-- LAS VEGAS -- Carmelo Anthony said it was not the money, but instead his confidence in team president Phil Jackson and his belief that the New York Knicks "aren't that far away from contending for an NBA title," that made him opt to remain in New York instead of signing with the Chicago Bulls.
"I want to win. I don't care about the money," Anthony told ESPN.com. "I believe Phil will do what he has to do to take care of that.
"I don't think we're that far away," he added. "People use 'rebuilding' too loosely."
In what were believed to be Anthony's first public comments since agreeing to a five-year deal worth $124 million earlier this month, he told ESPN.com that the decision was so agonizing in the final days that he could not watch TV or go on the Internet.
"It was overwhelming," Anthony said. "It was stressful in the final days, one of the hardest decisions I've ever had to make."
Anthony said, though, it ultimately came down to New York and Chicago.
"I was flip-flopping," he admitted. "It was hard. It was Chicago, but then after I met with L.A., it was L.A. But it came back to Chicago -- and was pretty much always Chicago or New York. That's a situation where I could have walked in now to an opportunity to compete for the next however many years."
But the 30-year-old Anthony said he is invigorated to work with a new team president in Phil Jackson and a new coach in Derek Fisher.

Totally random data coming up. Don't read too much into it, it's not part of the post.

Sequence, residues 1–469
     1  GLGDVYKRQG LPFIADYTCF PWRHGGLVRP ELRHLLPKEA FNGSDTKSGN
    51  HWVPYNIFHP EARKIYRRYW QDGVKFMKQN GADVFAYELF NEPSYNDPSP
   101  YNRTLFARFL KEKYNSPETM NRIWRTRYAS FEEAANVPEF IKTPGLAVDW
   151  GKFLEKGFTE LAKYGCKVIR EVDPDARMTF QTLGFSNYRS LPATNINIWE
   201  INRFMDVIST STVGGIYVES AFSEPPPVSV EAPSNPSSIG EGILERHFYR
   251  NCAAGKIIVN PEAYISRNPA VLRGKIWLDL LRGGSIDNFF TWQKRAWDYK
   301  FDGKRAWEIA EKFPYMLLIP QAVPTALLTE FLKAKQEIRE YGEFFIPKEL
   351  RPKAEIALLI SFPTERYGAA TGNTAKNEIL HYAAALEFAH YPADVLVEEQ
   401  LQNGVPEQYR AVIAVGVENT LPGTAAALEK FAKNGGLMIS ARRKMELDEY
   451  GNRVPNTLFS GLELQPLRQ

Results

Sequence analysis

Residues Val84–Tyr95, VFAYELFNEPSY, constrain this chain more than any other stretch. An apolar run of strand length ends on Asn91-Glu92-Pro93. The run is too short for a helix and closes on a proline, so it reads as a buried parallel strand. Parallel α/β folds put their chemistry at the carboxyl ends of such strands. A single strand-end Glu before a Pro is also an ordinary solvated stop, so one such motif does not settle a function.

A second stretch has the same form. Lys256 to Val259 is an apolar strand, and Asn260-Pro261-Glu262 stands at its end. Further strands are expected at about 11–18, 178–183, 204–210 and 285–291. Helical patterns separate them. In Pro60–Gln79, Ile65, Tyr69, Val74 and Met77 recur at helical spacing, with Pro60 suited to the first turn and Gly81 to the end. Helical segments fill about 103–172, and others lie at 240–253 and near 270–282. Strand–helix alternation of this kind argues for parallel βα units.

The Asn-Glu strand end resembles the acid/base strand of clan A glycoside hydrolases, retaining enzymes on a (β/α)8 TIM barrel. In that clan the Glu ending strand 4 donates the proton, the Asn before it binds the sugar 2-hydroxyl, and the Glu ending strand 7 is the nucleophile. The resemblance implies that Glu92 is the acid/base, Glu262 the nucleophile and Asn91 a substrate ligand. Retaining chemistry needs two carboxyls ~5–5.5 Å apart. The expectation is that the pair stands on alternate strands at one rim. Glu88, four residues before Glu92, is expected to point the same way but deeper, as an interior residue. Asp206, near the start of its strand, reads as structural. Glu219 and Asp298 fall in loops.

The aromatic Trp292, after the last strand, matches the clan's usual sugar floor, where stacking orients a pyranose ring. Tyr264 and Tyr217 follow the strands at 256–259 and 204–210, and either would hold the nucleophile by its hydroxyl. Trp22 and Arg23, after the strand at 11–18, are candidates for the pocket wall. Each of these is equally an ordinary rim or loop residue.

"It's a matter of me believing in the organization, believing in Phil," Anthony said. "I wanted to go somewhere where I can end my career."
He joins a retooled Knicks club that dealt away Tyson Chandler and Raymond Felton in exchange for point guard Jose Calderon, Samuel Dalembert, Shane Larkin and Wayne Ellington. The Knicks also drafted talented forward Cleanthony Early and added free agent Jason Smith. New York returns Anthony, J.R. Smith, Tim Hardaway Jr. and Andrea Bargnani -- as well as an aging Amar'e Stoudemire.
"I feel like we have a brand-new team," Anthony said. "It's a new beginning. It's excited."
Anthony said he felt LeBron James' move back to Cleveland opened up the Eastern Conference.
"It balances everything out," he said. "There's balance from one to eight right now. The East is balanced."